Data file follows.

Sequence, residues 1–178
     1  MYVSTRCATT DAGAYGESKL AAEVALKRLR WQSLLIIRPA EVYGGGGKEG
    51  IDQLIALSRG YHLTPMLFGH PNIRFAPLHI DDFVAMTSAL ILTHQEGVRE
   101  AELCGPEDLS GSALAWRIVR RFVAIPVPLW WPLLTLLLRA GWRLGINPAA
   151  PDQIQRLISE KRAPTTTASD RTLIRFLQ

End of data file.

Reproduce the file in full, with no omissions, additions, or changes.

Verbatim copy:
Sequence, residues 1–178
     1  MYVSTRCATT DAGAYGESKL AAEVALKRLR WQSLLIIRPA EVYGGGGKEG
    51  IDQLIALSRG YHLTPMLFGH PNIRFAPLHI DDFVAMTSAL ILTHQEGVRE
   101  AELCGPEDLS GSALAWRIVR RFVAIPVPLW WPLLTLLLRA GWRLGINPAA
   151  PDQIQRLISE KRAPTTTASD RTLIRFLQ